This column was written by Katrina Vanden Heuvel.
While there are plenty of important questions to discuss regarding port security in the United States, all of these issues were present before the Dubai World Ports (DP World) controversy.
People across the political spectrum are focusing on whether an Arab company operating commercial ports is a threat to our security. This focus is fueling anti-Arab and anti-Arab American sentiment while also obscuring the real issues at hand.
Laila Al-Qatami, spokeswoman for the Arab-American Anti-Discrimination Committee (ADC), reports in a phone interview that her inbox is full of e-mails telling Arabs to "stay away" and "we don't want your money in the U.S." And, Ms. Al-Qatami notes, "Those are the nice ones."
The Bush Administration has jumped to the defense of DP World not because the company has operated internationally in Germany, Australia, and Hong Kong and is one of the 3 largest port operators in the world; nor because Dubai hosts more U.S. Navy ships than any other country in the region (which it does). And don't be fooled when the President offers this soundbite. "I want those who are questioning it to… explain why all of a sudden a Middle Eastern company is held to a different standard. …"
The fact is, the administration is defending this deal because their guiding principle is one of maximizing corporate profits, as Harold Meyerson notes in the Washington Post yesterday.
Not surprisingly, the Bush administration has significant business ties to DP World. According to the New York Daily News, David Sanborn, who runs DP World's European and Latin American operations, was named by Bush to direct the U.S. Maritime Administration just last month.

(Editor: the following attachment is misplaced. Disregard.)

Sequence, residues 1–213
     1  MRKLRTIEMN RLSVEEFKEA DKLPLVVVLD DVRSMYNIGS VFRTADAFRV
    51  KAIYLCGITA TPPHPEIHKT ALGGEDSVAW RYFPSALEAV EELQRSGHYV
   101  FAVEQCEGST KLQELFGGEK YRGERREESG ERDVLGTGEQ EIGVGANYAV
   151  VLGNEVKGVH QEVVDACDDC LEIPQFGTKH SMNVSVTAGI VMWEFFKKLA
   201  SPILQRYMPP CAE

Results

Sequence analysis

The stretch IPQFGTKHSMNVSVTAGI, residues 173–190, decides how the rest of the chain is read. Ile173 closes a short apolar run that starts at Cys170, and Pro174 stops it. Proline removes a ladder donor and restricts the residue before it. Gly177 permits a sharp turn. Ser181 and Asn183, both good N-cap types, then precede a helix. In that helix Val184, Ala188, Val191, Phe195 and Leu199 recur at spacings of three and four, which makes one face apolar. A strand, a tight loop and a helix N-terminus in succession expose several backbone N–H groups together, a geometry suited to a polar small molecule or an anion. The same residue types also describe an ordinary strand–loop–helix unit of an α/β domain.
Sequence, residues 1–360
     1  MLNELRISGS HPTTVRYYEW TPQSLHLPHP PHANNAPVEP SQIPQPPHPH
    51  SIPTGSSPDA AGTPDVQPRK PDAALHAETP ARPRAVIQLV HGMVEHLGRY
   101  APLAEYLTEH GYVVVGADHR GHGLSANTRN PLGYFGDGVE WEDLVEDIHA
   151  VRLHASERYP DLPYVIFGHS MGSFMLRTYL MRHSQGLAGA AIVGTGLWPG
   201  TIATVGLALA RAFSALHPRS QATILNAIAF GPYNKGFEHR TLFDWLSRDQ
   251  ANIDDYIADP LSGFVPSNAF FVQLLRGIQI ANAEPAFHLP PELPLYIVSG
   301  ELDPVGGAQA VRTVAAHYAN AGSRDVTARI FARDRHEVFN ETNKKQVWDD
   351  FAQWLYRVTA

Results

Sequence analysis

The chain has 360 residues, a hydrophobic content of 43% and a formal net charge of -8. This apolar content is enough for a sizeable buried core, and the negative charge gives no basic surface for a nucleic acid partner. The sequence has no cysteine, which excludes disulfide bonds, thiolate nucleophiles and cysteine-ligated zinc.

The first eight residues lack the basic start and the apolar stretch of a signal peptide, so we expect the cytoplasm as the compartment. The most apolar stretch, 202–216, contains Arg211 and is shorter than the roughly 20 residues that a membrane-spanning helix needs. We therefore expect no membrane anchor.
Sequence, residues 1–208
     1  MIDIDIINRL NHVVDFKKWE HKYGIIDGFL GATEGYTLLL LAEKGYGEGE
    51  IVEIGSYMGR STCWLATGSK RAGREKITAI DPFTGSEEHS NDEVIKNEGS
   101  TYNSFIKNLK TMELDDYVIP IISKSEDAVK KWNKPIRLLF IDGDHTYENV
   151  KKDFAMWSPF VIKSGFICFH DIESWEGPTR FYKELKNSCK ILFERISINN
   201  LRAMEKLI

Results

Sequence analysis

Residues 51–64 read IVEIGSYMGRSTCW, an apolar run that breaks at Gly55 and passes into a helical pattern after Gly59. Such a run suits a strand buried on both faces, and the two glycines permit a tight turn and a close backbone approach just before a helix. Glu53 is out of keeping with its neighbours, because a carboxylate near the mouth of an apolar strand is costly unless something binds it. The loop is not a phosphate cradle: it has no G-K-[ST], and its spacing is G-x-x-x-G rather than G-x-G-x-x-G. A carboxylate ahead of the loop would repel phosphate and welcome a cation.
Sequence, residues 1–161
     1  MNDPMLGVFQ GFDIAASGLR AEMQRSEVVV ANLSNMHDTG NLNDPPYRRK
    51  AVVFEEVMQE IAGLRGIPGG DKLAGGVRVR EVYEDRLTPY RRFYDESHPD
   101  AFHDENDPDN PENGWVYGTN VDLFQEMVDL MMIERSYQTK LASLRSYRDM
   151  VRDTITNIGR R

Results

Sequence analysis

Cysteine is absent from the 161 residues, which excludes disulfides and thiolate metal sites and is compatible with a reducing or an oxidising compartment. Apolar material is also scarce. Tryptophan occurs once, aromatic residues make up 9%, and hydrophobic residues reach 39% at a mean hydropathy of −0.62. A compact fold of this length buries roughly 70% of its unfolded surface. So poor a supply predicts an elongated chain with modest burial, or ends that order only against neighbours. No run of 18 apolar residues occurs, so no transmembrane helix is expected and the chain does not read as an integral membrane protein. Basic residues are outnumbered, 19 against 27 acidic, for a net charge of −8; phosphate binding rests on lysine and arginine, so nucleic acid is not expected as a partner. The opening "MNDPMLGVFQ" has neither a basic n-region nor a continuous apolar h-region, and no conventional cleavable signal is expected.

And Treasury Secretary John Snow, who headed the federal review of the deal, was Chairman of CSX, which sold its international port operations to DP World for $1.15 billion just one year before Mr. Snow joined the Bush cabinet.
So what are the real security issues we need to be talking about? As the Center For American Progress reports, how about the fact that in 2002 the Coast Guard estimated that it would cost $5.4 billion over 10 years to make the necessary improvements to the nation's ports, and last year only $175 million was appropriated to the program?
How about the fact that only 6 percent of the 9 million containers arriving in U.S. ports are physically inspected by customs agents?
When the President suddenly attempts to wax eloquent about prejudice against "a Middle Eastern company," let's not be fooled about his true motives or lose sight of the real issues. And let's make certain that we continue to issue a clarion call against destructive anti-Arab and anti-Arab American sentiment that threatens to take our nation even further backwards in our continuing struggle for civil and human rights.
By Katrina Vanden Heuvel
Reprinted with permission from The Nation